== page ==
Patient Information

2   Professor Lorimer Mosely why things hurt video

3   Back pain – separating fact from fiction – Prof Peter O’Sullivan

4   All 4s Rocking Exercise

This is the best way to get your spine moving well but safely. It can work very well by doing it on the bed if you have difficulty getting up from the floor.

Do not do this if you have very bad knees.









  • Start on your hands and knees with hips directly over knees and hands under your shoulders.
  • Try to look up towards the ceiling as far as is comfortable and then gently rock back to try to get your backside onto your heels whilst simultaneously bringing your chin into your chest.
  • Do not hold this but come straight back up again to the start position.
  • If you have a neck problem only gradually build up neck movement or just keep your head in a comfortable position.
  • Do this 5 times but gradually increase this to 10 over the week.
  • Try to do this 3-4 times daily.

As with any exercise if this increases pain stop and let your healthcare practitioner know.

5   Diaphragm Breathing

Lay on your back with your knees bent and imagine that you are blowing up a balloon in your tummy. This should take between 6-8 secs. then slowly let the air out through the mouth for 6-8 seconds. Only your stomach should move and not your chest. Try to do this for 2 minutes at least twice a day, more if possible.

6   Rib grab

Lay on your left side with a pillow for your neck and draw the right hip up to 90 degrees and place a small pillow underneath it and hold your knee with your right hand. Try to make sure that the left leg is straight. Reach across your body with your right arm and grab your left ribs then twist round to try to look over your right shoulder ensuring that your right knee stays on the cushion and that your head remains on the pillow as wel. Hold this for 3 deep breaths and repeat 5 times. Then try this on the other side. Repeat 3-4 times daily.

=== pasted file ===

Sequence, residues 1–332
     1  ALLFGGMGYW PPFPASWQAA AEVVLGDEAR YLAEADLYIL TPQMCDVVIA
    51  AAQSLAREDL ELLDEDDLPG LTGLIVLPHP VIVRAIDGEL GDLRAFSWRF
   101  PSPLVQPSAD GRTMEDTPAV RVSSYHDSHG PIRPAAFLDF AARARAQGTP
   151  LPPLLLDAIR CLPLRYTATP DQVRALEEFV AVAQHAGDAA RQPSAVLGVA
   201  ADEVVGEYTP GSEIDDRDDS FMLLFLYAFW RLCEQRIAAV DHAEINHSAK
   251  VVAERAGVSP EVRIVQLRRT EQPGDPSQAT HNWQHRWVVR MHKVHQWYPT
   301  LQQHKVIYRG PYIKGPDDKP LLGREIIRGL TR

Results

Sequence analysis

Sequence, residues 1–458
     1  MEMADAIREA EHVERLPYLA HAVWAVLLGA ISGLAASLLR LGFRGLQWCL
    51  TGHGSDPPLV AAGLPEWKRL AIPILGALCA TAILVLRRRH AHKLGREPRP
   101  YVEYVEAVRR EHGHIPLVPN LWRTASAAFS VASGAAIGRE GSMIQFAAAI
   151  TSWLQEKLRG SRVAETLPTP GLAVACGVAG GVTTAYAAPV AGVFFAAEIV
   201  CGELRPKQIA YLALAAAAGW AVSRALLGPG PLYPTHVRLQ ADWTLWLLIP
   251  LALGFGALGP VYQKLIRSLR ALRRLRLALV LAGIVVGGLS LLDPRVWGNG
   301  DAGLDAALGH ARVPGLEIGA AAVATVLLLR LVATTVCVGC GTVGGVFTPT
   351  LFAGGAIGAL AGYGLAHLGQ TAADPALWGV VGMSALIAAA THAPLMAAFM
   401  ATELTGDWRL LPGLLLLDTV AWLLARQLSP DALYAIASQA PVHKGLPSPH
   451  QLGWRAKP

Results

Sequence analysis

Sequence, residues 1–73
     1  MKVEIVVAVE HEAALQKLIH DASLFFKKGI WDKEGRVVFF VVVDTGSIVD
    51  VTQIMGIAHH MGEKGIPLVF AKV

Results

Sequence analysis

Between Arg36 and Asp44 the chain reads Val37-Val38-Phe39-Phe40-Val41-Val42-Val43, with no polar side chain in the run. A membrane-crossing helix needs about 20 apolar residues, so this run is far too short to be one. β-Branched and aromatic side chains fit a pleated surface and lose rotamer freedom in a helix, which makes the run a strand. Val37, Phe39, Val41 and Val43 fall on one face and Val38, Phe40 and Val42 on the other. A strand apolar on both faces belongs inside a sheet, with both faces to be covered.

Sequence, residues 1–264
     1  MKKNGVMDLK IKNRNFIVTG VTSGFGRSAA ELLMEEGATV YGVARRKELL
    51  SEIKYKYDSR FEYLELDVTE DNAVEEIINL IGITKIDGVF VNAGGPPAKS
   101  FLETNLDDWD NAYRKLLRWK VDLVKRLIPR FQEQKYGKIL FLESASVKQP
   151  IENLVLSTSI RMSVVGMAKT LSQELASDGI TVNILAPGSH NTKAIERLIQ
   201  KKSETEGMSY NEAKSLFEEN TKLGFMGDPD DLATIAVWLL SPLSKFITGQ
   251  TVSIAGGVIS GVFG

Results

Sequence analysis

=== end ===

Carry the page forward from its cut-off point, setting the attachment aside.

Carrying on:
Here is a link to a video of this. You can easily use a pillow rather than a roll.

7   Improve your sitting habit

Poor sitting posture can place an abnormally large stress on your back for long periods without you realising. It is estimated that by sitting in a slumped posture you can increase the loading through your low back by 1.75 times your body weight and your head weight can increase by four times, so improving this can make a really big difference.




Improve your sitting posture by:
► Sitting back on your pelvis
► Having adequate lumbar support (no space between spine and back of chair)
► Relaxing back into chair (so that you would fall off if the chair back was not there)
► Check this regularly with the chin/fist test to ensure that you are sitting well (fig 1)









Chin/Fist test

In 90% of all people your fist should fit into the gap between the chin and chest









Use micro breaking:

Make sure that you get out of your chair every 10-40 minutes (set your phone or use a timer) or sooner if this is uncomfortable, and just walk around it before sitting down again.

Convenience is not usually best; do not make things too easy. Move your phone and printer away from you so that you get out of the chair as often as possible and get up and speak to someone rather than e mail.

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